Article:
March 16, 2017
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This week the Senate confirmation hearing for President Trump’s Labor Secretary, Alexander Acosta, was postponed until Wednesday, March 22. One of the topics that was expected to come up is Acosta’s role in the plea agreement for the billionaire — and alleged underage sex ring mastermind — Jeffrey Epstein.
Trump’s selection of Acosta as his Labor Secretary has raised questions about his reasoning. Acosta served as U.S. Attorney for the Southern District of Florida during the trial of Epstein, in which he was accused of sexually abusing approximately 40 females, most of whom were underage at the time.
A virtual dream team of high profile attorneys was assembled by Epstein, including Alan Dershowitz, Kenneth Starr, and Roy Black.
In a letter published by The Daily Beast in 2011, Acosta describes some of the hurdles that the prosecution faced from Epstein’s legal team, including investigating individual members of Acosta’s prosecution team for personal issues that might disqualify them from the case so that the most competent members of the prosecution’s team would be eliminated.
Epstein’s lawyers also tried to challenge the credibility of many of the underage accusers by digging up dirt from their MySpace and Facebook posts.
Against the recommendations of the police, prosecutors presented the evidence to a grand jury, which resulted in a single felony charge of soliciting an underage prostitute. In 2006, Epstein pleaded guilty to the single charge, and served 13 months of an 18-month sentence in a Florida prison and home detention.
The controversial plea agreement included Epstein agreeing not to contest civil claims brought by the over 40 women identified by the FBI, and prosecutors agreeing to not charge Epstein with more serious charges or charge other supposed “co-conspirators” who may have been involved in the alleged prostitution ring. Epstein would also be registered as a Level 3 sex offender, meaning that there is a high chance of a repeat offense.
Many were outraged at what seemed like a slap on the wrist for extremely serious allegations. The sex trafficking ring allegedly run by Epstein catered to some of the wealthiest and most well-connected people in the world, with some alleging that Epstein was able to use his influence to negotiate a “sweetheart” deal with prosecutors.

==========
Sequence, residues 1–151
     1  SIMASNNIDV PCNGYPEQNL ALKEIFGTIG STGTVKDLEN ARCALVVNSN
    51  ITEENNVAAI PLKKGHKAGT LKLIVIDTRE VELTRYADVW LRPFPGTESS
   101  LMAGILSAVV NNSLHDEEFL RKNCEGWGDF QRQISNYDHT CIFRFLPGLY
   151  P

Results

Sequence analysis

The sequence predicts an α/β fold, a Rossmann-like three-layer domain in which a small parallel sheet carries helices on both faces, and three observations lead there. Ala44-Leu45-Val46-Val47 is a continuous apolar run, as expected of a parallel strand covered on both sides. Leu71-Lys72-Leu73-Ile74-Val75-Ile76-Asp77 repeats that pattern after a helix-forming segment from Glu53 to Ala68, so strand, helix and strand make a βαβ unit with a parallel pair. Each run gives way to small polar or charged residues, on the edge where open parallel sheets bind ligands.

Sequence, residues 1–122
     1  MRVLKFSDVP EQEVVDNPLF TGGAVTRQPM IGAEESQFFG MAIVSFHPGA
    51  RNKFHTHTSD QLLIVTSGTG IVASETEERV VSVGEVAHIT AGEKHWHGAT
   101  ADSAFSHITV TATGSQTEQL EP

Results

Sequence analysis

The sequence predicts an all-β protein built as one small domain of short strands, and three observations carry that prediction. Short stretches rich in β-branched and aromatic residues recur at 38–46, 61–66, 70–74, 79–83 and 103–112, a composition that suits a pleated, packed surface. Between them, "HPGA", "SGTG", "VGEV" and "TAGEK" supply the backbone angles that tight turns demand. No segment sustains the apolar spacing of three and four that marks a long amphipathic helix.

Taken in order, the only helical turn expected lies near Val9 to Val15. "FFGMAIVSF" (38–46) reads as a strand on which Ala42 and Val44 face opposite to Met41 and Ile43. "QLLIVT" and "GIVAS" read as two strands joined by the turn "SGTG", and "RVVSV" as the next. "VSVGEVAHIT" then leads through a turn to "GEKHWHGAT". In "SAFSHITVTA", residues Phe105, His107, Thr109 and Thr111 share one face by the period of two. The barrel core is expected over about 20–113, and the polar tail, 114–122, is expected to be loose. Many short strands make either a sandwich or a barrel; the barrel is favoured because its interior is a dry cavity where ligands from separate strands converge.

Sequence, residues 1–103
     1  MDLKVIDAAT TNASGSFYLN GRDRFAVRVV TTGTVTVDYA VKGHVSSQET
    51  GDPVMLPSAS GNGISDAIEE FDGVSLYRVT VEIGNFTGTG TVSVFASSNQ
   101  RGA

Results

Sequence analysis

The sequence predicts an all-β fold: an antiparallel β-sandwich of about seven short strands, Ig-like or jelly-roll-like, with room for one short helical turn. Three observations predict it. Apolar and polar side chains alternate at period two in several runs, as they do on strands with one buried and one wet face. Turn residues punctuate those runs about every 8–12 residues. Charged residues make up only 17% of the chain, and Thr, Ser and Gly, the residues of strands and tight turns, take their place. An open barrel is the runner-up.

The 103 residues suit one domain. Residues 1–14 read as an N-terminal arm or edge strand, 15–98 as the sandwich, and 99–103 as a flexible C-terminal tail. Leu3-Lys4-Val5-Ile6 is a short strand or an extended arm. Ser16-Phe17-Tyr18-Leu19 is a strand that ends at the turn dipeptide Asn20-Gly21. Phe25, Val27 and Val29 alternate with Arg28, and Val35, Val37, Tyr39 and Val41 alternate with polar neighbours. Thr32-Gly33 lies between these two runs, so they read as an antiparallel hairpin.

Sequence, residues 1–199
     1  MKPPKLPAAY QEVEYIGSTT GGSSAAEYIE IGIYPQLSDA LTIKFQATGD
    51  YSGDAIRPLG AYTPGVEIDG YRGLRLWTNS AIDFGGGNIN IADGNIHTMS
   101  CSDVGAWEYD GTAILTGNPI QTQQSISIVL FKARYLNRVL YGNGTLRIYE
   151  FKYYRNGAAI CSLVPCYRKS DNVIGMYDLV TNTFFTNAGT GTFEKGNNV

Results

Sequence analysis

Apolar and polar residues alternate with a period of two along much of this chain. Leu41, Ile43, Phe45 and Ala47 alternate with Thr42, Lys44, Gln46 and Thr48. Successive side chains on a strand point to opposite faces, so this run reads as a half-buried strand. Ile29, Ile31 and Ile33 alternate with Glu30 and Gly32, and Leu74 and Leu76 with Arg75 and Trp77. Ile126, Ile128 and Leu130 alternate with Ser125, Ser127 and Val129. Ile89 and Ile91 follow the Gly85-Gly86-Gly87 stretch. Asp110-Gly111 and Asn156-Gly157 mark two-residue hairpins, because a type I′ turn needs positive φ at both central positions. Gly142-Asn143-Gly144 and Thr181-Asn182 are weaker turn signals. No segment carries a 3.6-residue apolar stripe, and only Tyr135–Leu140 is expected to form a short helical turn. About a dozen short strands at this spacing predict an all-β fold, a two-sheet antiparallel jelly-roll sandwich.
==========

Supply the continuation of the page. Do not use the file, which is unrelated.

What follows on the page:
Epstein’s contact book, which was seized by police, reads like a who’s-who of the most powerful people in the world, including Ted Kennedy, Michael Bloomberg, Donald Trump, Alec Baldwin, Naomi Campbell, and many other notable people.
Former president Bill Clinton reportedly flew in Epstein’s private jet and once praised Epstein’s “insights and generosity.”
Many of his accusers were unhappy with the plea agreement, stating that they were uninvolved in the terms of the negotiation, and have challenged it in court, stating that it had violated their rights as victims.
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Acosta will likely face questions about the Epstein scandal. We may see a renewed interest in the case in the press as Acosta’s proponents attempt to shift the focus away from Acosta’s role in the Epstein plea deal, and instead on Acosta’s career highlights and Hispanic background.
As we have seen with Trump’s previous nominees, the Democrats will stop at nothing to stall every nomination. Perhaps in this case the intense scrutiny applied to each nominee can work to our advantage.
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Can we harness the power of the biased and sensationalist media to demand answers as to what exactly Acosta knows about the connections between high powered elites and their connections to a child sex trafficking ring?
Will we see the Senate HELP (Health, Education, Labor, and Pensions) committee fulfill its responsibility to safeguard the interest of the public against the predatory interests of the elite?
And finally, is this just a run-of-the-mill cabinet nomination, or in fact a brilliant strategy by President Trump to “drain the swamp” of criminal child abusers by exposing them during the hearing?
Please comment below and let us know how you think this wil